The Maldives may have arrived at a metal scene only recently, because I can't say I've ever heard a band of this sort coming from that region of the Indian Ocean before. Perhaps Serenity Dies is an anomaly in their part of the world, I can't say for certain, but from what I'm hearing on this new EP, the secret may not be held for very long. This is a modern thrash band who take a reasonably groove oriented approach to the genre, without flubbing it up and having themselves written off as nu-metal. You can hear the influence of a Machine Head or Pantera, and yet I feel like the band falls more in line with the more recent sounds of The Haunted, The Defaced or perhaps Germans Dew-Scented.
Now I know, as soon as I wrote the word 'groove' in here or referenced a few of those bands, half of the readers probably tuned out immediately, but Serenity Dies deserve credit for knowing how to write a song like this and hang on to the listener's attention span through the sheer force of the riffing. I had no exposure to the band's self-released debut Murder in 2006, but they've apparently been carefully honing their blades in the ensuing period to make sure that they'd be remembered this time. The mix is extremely current and professional, because the band turned to Anssi Kippo and Gavin Lurssen (the former having worked with Children of Bodom) for the job, and they've even tapped Rob Caggiano of Anthrax, and Mikko Salovaara of Finnish band Kiuas to add a few guest leads.
Hacksawcracy begins with the forceful, semi-technical slugging of "Bullet Reign", in which we are introduced to the vocals of 'Chuck', which sound like a mix of Kreator's Mille and Henrik Sjiowall, who used to front The Defaced. A few of the riffs here are the sort of typical, annoying groove metal you'd expect out of a 90s Ozzfest lineup, but the rest are pure, clean and punchy thrashing bliss, enough so that it all comes together quite nicely. "Psycho Ride" also suffers a little for the simplistic, groove/thrash rhythms that comprise the verse, but it actually picks up in intensity for a great lead segment and some far better guitar riffs and some decent clean vocals. "In Devils Symmetry" has some far catchier, melodic guitar writing, and 'Chuck' offers a more melodic, angry voice at times reminiscent of John Bush's work in Anthrax.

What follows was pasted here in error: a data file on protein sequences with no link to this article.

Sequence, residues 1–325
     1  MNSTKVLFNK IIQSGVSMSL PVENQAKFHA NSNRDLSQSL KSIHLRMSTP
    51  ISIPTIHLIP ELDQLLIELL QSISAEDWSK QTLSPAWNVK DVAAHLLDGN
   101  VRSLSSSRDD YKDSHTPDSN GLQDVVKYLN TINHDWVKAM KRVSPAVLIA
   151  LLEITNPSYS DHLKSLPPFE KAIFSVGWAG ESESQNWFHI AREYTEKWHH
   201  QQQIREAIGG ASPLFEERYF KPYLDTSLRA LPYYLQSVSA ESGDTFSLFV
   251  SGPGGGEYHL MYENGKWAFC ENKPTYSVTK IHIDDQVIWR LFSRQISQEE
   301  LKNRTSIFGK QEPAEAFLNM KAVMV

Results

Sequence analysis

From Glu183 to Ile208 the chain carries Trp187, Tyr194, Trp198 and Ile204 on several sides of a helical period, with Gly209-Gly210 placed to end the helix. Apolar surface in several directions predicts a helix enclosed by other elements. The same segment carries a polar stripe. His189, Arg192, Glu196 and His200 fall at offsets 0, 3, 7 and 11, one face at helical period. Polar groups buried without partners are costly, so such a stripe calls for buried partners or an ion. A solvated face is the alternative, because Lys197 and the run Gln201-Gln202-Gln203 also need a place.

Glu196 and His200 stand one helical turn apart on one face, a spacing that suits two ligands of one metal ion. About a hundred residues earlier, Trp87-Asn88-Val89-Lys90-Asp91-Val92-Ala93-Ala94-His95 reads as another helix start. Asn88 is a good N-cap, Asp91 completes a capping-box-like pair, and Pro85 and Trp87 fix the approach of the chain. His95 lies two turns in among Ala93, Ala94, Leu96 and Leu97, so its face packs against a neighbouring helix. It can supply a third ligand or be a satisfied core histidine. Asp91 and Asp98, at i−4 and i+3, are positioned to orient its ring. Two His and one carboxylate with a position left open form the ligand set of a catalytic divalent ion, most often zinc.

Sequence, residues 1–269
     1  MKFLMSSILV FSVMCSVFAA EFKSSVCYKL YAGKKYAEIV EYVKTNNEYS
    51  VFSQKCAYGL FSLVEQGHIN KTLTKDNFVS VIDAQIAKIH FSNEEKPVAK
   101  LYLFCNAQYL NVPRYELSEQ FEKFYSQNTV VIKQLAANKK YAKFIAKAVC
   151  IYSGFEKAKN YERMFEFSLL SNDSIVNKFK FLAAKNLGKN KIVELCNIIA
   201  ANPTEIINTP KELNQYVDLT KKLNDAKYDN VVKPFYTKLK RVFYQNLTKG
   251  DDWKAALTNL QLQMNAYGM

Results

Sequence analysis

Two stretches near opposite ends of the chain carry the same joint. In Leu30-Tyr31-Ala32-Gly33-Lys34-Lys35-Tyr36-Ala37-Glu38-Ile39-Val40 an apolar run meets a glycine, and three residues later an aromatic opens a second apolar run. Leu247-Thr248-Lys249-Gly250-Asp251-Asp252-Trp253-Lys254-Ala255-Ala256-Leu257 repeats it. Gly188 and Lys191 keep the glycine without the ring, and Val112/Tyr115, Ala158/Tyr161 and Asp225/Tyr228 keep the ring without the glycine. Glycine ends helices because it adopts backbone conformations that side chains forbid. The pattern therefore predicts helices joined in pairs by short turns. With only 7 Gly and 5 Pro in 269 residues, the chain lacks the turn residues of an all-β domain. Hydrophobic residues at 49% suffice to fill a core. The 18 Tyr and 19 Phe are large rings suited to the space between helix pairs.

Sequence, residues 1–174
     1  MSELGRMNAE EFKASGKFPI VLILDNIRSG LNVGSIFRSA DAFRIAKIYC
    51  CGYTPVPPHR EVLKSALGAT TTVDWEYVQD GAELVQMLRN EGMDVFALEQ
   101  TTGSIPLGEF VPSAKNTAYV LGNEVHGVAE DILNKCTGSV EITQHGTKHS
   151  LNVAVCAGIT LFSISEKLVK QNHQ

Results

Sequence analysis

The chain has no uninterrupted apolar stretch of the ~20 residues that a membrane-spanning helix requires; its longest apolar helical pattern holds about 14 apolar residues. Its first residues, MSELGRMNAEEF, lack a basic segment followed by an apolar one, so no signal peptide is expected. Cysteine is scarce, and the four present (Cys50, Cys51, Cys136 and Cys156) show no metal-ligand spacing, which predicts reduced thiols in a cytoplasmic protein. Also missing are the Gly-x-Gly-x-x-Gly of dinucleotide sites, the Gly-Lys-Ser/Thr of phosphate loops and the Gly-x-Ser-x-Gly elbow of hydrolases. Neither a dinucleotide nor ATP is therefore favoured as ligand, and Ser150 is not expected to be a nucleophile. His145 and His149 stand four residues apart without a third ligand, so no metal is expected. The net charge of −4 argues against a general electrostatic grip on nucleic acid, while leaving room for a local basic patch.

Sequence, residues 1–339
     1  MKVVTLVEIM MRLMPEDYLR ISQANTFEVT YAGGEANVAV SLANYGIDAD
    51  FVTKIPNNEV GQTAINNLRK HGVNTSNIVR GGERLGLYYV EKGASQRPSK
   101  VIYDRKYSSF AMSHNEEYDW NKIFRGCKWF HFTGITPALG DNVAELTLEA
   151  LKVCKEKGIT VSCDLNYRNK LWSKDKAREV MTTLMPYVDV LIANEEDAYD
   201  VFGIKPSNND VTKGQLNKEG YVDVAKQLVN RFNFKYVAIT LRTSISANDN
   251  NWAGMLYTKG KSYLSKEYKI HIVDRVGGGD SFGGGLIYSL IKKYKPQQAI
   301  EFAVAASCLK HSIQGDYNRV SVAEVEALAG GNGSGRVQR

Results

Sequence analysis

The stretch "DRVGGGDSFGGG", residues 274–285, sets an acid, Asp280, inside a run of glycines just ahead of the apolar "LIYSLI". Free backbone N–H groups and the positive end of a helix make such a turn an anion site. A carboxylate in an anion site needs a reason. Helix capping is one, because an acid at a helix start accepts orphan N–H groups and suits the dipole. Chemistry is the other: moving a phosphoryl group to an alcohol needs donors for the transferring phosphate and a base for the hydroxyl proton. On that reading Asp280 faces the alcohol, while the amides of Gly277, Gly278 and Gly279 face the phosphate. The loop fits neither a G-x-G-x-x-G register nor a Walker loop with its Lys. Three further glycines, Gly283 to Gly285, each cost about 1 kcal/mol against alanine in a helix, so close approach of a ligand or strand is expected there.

"Blood Serenade" shows yet another side of the band, that of carefully calculated, eerie slow guitars that step off into some big, churning grooves and a near mathematical, jamming thrash during its bridge, and yet another of the band's wonderful lead guitar sequences where chaotic, bluesy patterns rattle off against the backdrop. The title track starts off with a bang, a warning guitar melody ringing out over some bludgeoning thrash groove force, and yet again...the band just has this penchant for quality solos that really stir the heart and mind. I could do without the clean, almost jazzy vocal break later in the song, but it's at least interesting. "Dystopian" closes off the EP, an adequate political thrash pounder which once again recalls the grooves of The Defaced or Machine Head.
As I've already warned, some will instantly be turned out by the fact the band does not shy away from modern (or not so modern, by this time) groove elements placed within the thrash context. But Serenity Dies do this a lot better than most bands of their ilk, and there is enough of a more technical thrash axis they rotate about to maintain the disbeliever's interest. The vocals show a fairly broad range, and never end up sounding shitty in any of them. I think the band could improve by dropping a few of the more basal, generic riff patterns (mostly heard in the first two tracks), since they are obviously capable of far more, but with the proper motivation and career choices, they have the potential to make an impact far beyond their island borders.
Verdict: Win [7/10]